by Sam Rasnake
I'll begin with Julio Cortázar, “What remains to be said is always a cloud, two clouds, or long hours of a sky perfectly clear,” then turn the camera to my own face. He turns the camera, and the strap falls across his left wrist, and snaps the shout. Suddenly, and it was over before I noticed what had happened, the young boy runs out of the park — Paris or London or Memphis — out of the story, and into my poem, my prose poem, a flash even — Borges must be so proud somewhere. If I listen closely, the pen's scraping on the page speaks the words. He has to listen closely, bending his ear to his notebook. The furnace has cut on. It's February though he's not certain of the year, but he's sure it's the year of record snows.
There's a woman in the story — there's always a woman in the story — and it's the same woman, sometimes blond, sometimes brunette, though she's new to me, but her face is familiar, her cheeks sloping marble-like to both exquisite temples, with the softest of ears, and eyes that stop you cold, and lips whispering golden words against your neck, her hand always stretched toward the lens of a Nikon S.
I know the man with his black tongue and dark suit is not far off. He's out of his car now. He's been parked there for some time, maybe reading, maybe watching. I hear his footsteps and decide to add that sound to the piece, and it's a good sound: the clomp, clomp, clomp that only thin soles over asphalt can give.
The time is unclear, but it's real, and it's late. He's on a sidewalk— his car, a convertible, must be parked nearby. A sea of faces — He writes “sea” but decides against it —
sea — I'm on the sidewalk now, a _______ of faces moving in synch — He'll come back to this part later — on a night, a warm one at that. But it's not the park, not the story or poem, or even the club he finds himself wandering into — or is it chasing or being chased, I never can remember — and it doesn't really matter since they're all the same. Instead, it's a film. The Yardbirds' “Stroll On,” at first a low rumble, then, as he gets closer — distinct and loud. There's a crowd. Most are standing, one couple dances in the back of the room, and no one is talking.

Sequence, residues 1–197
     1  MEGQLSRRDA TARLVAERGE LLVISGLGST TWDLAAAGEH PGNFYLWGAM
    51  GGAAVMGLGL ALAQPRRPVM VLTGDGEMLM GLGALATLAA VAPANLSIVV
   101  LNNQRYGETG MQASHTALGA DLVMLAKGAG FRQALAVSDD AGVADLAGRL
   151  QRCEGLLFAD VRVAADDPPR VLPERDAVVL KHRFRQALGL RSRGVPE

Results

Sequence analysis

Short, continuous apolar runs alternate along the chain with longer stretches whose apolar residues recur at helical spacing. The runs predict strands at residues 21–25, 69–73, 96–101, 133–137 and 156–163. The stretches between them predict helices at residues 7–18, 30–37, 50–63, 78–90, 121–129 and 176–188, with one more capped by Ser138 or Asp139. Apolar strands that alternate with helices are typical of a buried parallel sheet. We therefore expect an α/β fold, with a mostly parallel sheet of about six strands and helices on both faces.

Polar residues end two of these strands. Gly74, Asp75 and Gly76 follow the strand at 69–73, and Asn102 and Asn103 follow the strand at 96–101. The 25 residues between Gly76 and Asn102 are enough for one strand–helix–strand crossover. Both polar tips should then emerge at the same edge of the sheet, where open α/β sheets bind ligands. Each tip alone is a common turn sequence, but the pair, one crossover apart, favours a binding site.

He rolls with the reel, the hot light of the projector making everything clear and alive over the seats and heads and onto the screen. He's very pleased that he began with clouds and ended with a film in a not-so-crowded theater. I am pleased. That's true, and I don't know why. What's that? —
Alternate ending, 1:
One ends with pigeons or sparrows, one with a mimed game of tennis, and another with a crossed out word. The intent is to go back to the page and write a word that fits, and he will do it. Just not now.
Alternate ending, 2:
He's eating waffles with coffee. A paperback and journal on either side of the plate. One pen, one pencil.
Alternate ending, 3:
It'll never be known how this has to be told is his favorite passage. “I can't do better than that,” he says. These are the only words actually spoken.
— originally published in fwriction : review
All rights reserved.
Julio Cortázar. Michelangelo Antonioni. The Yardbirds. I couldn't resist.
A strange, little piece - and the only type of story I can write. I'm a one-trick-pony.
"Variation," written in multiple points of view, originally appeared in fwriction : review:
Thanks to Danny Goodman for believing in this work.
One scene from Antonioni's Blowup - http://www.youtube.com/watch?v=_zeza1xeWKM